David Suzuki recently wrote in the News: “It’s past time we started conserving energy and shifting to cleaner sources.” I agree. I wonder how we came to our current wasteful habits given that many of us were raised by parents who lived through hard times, respected a dollar, knew how to live efficiently, taught their children not to waste anything, and still managed to live satisfying lives.
I remember putting storm windows on our house every fall and puttying every crack to reduce winter heat loss. Quilts kept us warm in bed, we wore underwear and sweaters, turned out lights and closed registers in rooms not being used, and we walked summer and winter instead of using a vehicle to go six blocks. We saved everywhere we could.
Today’s cost of living provides as much incentive to cut waste and reduce expenses as it did then, and individuals and jurisdictions are looking for ways to do so, yet Trudeau shut down discussion on how it may best be done. Instead he dictated a carbon tax beginning in 2018. He should start by finding efficiencies in the federal government before he hammers the rest of us.
Regardless, the issue of conservation remains, and we will have to use less energy if we are going to make a difference nationally. But a one-size-fits-all carbon tax does not in fact fit all, and may even be less effective than other options.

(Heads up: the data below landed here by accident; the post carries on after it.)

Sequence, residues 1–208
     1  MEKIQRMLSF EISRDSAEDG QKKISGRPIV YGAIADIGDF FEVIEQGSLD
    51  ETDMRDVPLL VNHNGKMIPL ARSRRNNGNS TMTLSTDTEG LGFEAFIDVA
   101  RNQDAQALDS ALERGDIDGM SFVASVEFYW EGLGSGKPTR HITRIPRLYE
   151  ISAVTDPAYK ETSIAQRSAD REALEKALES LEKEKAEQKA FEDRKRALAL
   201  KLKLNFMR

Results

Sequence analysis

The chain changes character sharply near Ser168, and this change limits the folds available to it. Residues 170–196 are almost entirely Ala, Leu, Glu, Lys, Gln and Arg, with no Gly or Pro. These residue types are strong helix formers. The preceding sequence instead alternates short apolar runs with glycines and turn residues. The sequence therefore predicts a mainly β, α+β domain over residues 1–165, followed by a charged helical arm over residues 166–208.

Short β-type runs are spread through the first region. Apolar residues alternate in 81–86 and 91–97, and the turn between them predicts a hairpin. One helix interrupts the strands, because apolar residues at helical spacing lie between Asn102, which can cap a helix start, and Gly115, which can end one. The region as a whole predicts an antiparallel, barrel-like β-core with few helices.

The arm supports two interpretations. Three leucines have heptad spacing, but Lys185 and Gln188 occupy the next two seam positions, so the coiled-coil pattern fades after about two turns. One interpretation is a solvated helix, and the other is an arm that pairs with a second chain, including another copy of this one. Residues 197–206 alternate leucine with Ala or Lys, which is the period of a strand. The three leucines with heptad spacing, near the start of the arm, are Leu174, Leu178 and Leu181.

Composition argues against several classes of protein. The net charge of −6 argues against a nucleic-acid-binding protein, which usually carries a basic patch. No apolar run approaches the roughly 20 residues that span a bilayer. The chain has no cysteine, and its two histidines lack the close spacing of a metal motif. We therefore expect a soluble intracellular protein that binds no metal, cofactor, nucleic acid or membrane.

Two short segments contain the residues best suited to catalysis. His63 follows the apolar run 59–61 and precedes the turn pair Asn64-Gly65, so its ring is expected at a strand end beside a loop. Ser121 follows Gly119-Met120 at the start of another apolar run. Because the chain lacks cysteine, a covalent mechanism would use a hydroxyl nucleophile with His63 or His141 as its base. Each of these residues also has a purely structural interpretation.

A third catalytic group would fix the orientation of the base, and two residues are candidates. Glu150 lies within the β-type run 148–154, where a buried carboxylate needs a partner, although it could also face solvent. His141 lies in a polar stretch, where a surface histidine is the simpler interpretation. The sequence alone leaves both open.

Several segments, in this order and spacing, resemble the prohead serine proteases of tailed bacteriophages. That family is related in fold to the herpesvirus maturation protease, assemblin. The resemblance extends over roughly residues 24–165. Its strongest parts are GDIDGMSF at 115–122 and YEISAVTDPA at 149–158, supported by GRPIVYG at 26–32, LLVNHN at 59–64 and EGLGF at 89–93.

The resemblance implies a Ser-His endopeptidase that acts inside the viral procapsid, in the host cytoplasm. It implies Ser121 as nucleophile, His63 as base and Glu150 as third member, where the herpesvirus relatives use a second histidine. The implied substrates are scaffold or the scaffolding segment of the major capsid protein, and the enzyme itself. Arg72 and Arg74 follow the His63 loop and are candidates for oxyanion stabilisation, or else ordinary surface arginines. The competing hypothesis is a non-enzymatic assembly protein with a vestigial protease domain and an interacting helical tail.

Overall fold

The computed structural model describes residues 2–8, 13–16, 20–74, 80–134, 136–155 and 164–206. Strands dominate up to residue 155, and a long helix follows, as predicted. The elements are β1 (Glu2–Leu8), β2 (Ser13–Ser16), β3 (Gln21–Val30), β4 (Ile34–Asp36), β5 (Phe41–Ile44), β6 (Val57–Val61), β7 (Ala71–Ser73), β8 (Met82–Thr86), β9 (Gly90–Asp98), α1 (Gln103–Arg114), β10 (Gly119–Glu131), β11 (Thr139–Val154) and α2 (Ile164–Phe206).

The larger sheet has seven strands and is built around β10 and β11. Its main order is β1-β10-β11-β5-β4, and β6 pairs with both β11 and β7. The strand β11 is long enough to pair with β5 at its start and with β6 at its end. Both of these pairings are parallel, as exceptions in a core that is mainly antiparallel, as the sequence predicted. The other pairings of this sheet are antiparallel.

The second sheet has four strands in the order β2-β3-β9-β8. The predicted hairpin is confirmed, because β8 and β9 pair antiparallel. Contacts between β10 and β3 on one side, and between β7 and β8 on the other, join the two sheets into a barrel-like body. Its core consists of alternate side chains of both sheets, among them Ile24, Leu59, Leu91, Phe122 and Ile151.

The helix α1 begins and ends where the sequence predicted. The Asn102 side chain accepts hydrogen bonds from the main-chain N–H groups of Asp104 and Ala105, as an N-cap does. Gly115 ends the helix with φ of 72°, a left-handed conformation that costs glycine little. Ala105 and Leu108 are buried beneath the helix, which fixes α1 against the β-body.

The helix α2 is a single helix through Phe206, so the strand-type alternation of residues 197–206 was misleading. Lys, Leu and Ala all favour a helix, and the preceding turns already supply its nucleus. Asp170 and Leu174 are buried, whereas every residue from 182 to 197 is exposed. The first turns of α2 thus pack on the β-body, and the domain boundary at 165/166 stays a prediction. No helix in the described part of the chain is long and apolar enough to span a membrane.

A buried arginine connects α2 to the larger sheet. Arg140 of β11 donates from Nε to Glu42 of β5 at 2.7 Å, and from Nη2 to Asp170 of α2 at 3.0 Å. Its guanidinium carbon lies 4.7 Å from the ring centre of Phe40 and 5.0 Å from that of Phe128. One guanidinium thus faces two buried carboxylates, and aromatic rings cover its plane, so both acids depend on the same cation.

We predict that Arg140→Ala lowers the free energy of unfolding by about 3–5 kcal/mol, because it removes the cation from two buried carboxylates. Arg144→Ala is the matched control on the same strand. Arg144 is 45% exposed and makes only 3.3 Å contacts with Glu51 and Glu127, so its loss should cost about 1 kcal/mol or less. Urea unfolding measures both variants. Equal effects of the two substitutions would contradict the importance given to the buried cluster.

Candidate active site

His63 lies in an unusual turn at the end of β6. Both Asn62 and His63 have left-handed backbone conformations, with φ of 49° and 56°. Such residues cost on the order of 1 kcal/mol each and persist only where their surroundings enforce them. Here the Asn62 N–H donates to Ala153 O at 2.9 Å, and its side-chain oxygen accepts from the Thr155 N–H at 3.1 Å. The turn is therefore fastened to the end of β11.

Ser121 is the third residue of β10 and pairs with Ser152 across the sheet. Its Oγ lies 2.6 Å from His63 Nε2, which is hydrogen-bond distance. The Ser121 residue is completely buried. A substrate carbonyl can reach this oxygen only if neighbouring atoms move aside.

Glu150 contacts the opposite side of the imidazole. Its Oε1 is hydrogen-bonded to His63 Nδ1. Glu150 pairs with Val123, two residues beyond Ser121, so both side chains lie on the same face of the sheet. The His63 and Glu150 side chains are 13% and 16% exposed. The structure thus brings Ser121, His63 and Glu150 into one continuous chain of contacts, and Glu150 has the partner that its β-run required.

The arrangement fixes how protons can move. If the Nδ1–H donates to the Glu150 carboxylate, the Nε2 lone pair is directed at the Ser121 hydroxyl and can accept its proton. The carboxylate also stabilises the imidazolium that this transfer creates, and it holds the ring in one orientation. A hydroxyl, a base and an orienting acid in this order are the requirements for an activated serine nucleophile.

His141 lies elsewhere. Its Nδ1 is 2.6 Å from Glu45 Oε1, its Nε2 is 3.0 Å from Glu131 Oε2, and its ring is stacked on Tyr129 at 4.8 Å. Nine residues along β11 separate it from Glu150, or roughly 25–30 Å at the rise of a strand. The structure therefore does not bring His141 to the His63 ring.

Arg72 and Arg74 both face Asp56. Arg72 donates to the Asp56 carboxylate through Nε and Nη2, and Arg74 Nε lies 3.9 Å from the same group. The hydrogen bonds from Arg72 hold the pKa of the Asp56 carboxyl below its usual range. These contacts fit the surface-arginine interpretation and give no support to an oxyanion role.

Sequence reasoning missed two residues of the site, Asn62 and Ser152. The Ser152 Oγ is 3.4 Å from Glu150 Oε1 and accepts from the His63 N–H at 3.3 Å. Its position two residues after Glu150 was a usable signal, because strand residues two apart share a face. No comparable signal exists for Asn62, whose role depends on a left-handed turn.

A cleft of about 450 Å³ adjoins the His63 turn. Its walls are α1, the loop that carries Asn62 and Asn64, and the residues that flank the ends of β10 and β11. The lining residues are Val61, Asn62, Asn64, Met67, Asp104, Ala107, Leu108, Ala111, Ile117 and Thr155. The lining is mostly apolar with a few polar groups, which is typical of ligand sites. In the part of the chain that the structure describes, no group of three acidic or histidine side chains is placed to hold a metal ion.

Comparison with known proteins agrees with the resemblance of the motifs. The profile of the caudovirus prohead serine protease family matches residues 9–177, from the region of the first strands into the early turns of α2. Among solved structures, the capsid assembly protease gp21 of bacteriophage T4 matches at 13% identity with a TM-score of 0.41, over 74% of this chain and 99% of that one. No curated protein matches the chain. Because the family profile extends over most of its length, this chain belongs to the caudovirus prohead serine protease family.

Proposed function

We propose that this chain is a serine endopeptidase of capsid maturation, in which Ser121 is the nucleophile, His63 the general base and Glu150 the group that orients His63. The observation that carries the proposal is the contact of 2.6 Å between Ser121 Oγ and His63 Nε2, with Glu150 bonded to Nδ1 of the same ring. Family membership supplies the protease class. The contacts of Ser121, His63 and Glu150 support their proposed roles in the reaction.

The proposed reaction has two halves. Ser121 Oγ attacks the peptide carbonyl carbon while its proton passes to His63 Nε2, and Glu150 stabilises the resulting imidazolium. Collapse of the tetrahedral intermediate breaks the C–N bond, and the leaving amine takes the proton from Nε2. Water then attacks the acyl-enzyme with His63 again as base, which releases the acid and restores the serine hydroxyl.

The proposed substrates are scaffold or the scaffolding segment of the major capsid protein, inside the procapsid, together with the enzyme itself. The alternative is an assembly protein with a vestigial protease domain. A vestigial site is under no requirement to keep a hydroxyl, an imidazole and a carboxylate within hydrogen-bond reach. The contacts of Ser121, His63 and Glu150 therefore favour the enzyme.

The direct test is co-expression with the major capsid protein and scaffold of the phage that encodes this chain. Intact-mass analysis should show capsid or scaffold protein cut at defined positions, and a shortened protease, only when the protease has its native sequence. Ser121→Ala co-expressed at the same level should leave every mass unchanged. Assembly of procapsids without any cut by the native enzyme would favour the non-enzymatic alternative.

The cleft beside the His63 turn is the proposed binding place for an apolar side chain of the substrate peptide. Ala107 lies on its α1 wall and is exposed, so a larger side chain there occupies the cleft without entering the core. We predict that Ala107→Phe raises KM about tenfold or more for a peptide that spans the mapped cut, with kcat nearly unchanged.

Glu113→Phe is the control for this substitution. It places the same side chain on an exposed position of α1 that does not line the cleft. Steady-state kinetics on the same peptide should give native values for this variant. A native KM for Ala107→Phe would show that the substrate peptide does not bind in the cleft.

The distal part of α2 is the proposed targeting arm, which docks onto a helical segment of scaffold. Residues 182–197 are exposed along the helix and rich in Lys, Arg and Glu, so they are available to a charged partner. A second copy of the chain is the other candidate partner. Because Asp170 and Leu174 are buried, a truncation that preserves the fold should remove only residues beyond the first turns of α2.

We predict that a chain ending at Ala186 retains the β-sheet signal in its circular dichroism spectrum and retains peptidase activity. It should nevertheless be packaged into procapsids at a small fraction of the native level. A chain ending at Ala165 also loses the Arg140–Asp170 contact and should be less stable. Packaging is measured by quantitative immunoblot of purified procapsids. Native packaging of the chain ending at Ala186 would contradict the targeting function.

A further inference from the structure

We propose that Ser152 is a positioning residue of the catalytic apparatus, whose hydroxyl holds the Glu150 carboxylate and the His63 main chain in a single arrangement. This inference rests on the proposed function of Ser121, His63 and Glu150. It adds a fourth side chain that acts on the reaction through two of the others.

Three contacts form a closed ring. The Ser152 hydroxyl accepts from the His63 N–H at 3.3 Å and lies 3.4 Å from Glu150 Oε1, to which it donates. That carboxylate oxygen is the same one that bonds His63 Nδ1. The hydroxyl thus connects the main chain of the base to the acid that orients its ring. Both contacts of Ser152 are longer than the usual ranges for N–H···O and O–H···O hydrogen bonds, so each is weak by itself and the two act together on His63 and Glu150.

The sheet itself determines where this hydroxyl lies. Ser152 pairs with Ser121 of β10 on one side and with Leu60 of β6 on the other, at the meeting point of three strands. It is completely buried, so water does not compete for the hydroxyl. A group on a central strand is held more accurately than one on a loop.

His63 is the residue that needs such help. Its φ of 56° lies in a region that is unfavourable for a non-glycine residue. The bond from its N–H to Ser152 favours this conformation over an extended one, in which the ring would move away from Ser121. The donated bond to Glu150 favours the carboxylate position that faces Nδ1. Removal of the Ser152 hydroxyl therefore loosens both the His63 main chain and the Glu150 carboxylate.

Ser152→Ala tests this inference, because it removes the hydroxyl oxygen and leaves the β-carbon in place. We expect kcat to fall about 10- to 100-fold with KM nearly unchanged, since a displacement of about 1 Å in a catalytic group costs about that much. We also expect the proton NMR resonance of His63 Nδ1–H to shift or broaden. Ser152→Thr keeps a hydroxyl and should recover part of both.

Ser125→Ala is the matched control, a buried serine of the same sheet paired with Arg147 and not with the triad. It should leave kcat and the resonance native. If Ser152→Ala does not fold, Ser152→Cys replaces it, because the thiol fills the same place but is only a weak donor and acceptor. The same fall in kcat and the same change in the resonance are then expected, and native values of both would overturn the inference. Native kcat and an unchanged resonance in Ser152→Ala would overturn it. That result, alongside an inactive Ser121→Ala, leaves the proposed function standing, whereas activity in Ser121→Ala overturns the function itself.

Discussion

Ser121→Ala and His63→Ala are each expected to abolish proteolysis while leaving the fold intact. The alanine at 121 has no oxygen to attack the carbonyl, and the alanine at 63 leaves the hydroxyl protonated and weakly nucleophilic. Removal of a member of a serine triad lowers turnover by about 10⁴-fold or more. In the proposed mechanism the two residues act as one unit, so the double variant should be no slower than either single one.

Among the suggestions Keith Halliday offered in his recent column was a home energy assessment which determined his house was losing heat equivalent to leaving a medium sized window open all winter. Keith’s house was average, meaning half are worse and half are better. Assuming burning an extra 700 litres of fuel per year and estimating 15,000 homes in Yukon, closing that window in all of them would result in 10.5 million litres of fuel saved per year, surely sufficient for an energy saving award rather than a kick in the financial pants from Trudeau’s carbon tax.
How do we close all those open windows? It could easily be done by amending building codes to require all new buildings to meet R2000 as a minimum standard coupled with generous maintenance and retrofit incentives for all existing homes and buildings that can reasonably be expected to generate ongoing savings above costs. Add to that design elements that would make it easy for later upgrades like adding solar panels and credits for other options like those supported by our Energy Solutions Centre, and a tax would not be necessary at all.
Moreover, I simply don’t trust what the government will do with carbon tax revenue. Do you?